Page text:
54 countries helped CIA renditions: Report

54 countries helped CIA renditions: Report

54 countries helped CIA renditions: Report


Fifty-four foreign governments, including Turkey, assisted the CIA in a global campaign that included harsh interrogations of suspects, a rights advocacy group said on Feb. 5, as it pressed for greater accountability.

The report titled “Globalizing Torture” by Open Society Justice Initiative, a New York-based human rights organization, marks the most comprehensive list of countries that helped the United States in what critics saw as excesses by then President George W. Bush’s administration after the Sept. 11, 2001 attacks.

Bush authorized “extraordinary rendition” - the transferring of individuals without legal process - to allow U.S. and foreign intelligence agencies to interrogate alleged extremists outside the protections ensured on U.S. soil.

The Open Society found evidence that 54 foreign governments supported the system by actions such as hosting CIA prisons, interrogating suspects, allowing airspace for secret flights, or providing intelligence.

Many of the cases involve countries that have long fought Islamic militants on their home territory such as Afghanistan, Egypt, Pakistan and Saudi Arabia. The report also listed close U.S. allies such as Turkey, Britain, Germany, Australia, Canada, Denmark, Finland, Ireland, Italy, Poland, Spain, Sweden, Thailand.

The study also listed Iran, saying that despite poor relations with the United States, Tehran indirectly handed over at least 10 suspects, mostly Arabs, to U.S. custody via the Kabul government. Syria also detained, interrogated, and tortured extraordinarily rendered individuals, the report said, adding that it was one of the “most common destinations for rendered suspects.”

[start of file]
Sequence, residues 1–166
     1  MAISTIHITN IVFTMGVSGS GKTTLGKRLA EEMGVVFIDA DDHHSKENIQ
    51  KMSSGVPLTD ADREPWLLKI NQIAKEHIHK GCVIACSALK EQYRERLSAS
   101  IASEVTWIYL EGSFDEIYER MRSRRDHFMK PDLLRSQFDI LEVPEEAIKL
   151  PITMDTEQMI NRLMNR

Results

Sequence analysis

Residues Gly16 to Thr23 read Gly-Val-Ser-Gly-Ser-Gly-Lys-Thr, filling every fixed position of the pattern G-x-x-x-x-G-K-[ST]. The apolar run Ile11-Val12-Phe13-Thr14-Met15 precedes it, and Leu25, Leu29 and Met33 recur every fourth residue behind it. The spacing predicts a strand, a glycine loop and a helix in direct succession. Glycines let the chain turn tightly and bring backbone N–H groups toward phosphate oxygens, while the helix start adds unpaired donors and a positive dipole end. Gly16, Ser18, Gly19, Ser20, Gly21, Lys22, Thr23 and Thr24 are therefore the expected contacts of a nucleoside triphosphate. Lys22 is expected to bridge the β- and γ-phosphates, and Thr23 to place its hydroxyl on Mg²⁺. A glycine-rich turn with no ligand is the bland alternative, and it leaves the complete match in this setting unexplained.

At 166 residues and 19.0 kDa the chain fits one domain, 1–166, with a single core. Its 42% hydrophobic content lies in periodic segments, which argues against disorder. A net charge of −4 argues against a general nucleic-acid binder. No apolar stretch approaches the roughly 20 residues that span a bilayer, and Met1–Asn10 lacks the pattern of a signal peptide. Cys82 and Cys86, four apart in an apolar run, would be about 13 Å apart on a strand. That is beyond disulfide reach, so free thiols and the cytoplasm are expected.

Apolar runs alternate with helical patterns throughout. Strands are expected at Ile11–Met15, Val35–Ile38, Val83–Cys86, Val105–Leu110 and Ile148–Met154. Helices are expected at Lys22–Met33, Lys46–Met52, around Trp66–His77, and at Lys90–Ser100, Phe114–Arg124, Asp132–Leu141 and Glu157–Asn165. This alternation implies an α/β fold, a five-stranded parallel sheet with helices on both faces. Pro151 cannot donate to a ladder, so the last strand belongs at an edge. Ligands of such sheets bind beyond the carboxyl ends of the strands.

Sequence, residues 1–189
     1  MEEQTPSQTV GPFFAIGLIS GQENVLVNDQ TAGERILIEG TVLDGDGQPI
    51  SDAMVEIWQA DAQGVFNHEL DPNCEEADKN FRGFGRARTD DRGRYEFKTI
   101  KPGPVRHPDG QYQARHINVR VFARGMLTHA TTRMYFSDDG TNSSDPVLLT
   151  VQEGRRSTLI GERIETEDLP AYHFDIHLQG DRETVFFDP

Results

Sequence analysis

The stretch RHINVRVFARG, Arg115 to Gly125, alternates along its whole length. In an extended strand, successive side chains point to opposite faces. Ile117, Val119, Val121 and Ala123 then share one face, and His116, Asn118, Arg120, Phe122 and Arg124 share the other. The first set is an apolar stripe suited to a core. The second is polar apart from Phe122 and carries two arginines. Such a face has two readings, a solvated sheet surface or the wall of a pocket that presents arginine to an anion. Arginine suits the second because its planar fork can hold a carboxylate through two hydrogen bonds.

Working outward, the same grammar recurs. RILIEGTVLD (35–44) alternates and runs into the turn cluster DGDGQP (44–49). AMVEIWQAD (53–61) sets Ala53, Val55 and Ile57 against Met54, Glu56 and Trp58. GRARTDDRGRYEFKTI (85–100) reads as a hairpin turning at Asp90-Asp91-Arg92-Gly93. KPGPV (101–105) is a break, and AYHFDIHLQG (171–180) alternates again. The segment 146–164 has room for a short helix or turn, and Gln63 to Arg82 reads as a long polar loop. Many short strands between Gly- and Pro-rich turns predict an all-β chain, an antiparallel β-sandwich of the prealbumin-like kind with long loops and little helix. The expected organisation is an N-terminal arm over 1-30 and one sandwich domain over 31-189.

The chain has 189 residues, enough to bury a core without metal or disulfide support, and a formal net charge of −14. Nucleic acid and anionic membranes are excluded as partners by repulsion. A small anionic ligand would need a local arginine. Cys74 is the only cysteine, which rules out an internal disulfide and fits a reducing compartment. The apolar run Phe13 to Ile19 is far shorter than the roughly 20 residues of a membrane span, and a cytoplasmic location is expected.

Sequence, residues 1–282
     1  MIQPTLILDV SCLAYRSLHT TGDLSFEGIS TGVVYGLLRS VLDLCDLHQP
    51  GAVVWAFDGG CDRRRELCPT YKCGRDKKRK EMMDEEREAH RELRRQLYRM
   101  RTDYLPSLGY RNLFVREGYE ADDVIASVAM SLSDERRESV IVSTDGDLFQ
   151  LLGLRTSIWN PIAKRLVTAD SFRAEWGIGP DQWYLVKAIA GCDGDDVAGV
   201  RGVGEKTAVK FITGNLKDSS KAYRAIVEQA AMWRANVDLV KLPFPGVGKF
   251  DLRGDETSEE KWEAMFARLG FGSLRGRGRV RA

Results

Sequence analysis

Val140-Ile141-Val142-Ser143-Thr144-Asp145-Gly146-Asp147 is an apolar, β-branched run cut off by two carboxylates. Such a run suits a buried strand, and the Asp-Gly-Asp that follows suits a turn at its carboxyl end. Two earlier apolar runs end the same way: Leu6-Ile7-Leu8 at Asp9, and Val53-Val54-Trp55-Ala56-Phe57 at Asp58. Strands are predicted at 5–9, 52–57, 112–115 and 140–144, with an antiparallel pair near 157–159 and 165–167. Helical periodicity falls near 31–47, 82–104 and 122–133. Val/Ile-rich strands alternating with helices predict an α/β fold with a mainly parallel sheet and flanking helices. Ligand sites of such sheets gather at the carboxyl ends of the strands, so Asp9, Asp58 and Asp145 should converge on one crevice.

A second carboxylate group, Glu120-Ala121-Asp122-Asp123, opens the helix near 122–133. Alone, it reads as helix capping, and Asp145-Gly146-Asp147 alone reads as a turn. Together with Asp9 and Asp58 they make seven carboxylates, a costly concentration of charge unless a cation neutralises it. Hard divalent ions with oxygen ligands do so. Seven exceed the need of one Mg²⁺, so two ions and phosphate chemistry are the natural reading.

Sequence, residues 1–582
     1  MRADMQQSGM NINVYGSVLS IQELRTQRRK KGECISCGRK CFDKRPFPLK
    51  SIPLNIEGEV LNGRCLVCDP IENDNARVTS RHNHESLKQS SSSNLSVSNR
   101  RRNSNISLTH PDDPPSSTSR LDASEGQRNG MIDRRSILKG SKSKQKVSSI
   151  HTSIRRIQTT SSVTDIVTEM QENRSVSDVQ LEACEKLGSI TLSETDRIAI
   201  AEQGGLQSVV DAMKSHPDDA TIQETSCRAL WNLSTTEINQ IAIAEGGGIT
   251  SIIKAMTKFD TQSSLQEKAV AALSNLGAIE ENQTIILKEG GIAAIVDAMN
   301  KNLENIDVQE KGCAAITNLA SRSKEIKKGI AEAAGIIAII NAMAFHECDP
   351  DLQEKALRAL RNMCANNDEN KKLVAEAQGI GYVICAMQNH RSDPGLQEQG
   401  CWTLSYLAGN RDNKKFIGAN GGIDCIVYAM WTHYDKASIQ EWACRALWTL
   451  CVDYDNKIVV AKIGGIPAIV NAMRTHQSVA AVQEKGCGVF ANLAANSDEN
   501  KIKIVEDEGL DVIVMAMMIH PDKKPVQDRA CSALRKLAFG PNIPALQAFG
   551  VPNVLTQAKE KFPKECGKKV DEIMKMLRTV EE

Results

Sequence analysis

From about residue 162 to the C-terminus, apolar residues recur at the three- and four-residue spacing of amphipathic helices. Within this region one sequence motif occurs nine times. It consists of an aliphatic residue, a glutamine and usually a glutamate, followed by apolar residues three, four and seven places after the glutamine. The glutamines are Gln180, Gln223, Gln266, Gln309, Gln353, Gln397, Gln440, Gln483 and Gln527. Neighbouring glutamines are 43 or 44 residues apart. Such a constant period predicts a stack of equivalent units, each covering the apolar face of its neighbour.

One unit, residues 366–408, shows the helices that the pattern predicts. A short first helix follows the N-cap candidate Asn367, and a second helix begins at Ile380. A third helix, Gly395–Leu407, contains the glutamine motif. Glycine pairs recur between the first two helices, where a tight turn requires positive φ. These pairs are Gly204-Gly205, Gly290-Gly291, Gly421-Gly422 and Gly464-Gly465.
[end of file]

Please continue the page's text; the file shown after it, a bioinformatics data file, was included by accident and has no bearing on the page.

‘Turkey allowed use of its airspace’

Turkey was accused of capturing at least one individual subjected to secret CIA detention, and also of allowing use of its airport and airspace in 2002 for flights associated with CIA extraordinary rendition operations.

In 2006, Turkish authorities captured Nashwan abd al-Razzaq abd al-Baqi, an Iraqi citizen accused of being al-Qaeda’s top operational planner in Afghanistan, and turned him over to the United States. He was in CIA custody as of late 2006, and was transferred to Guantanamo Bay in April 2007.

Ross Wilson, then U.S. ambassador to Turkey, was quoted in the report as saying “the Turkish military had allowed [the U.S.] to use İncirlik as a refueling stop for Operation Fundamental Justice detainee movement operations since 2002, but revoked this permission in February 2006.” The report said at least six men were transferred through the İncirlik air base before being transported to Guantanamo Bay, but it is not clear that the CIA was involved in this operation. Located in southeastern Turkey, İncirlik is an air base that hosts U.S. troops.

These men were arrested in Bosnia and Herzegovina in 2002, taken to a NATO base in Tuzla, and then transferred by a U.S. military C-130 aircraft to İncirlik before being flown to Guantanamo Bay.

The report called for accountability both in the United States and overseas, saying there was “no doubt” that Bush administration officials authorized what it called human rights violations and thereby hurt U.S. moral standing. But it said that other nations also bore responsibility. Only Canada has apologized for its role, while three other countries, Australia, Britain and Sweden, have also offered compensation to individuals.

The report was released two days before a Senate panel considers President Barack Obama’s nomination of John Brennan to be CIA director. Brennan, an aide to Obama, is likely to face questions about interrogation policies.

Obama ordered an end to harsh interrogations when he took office in 2009. But the Open Society Foundations criticized Obama for still allowing renditions if other countries promise to treat prisoners humanely.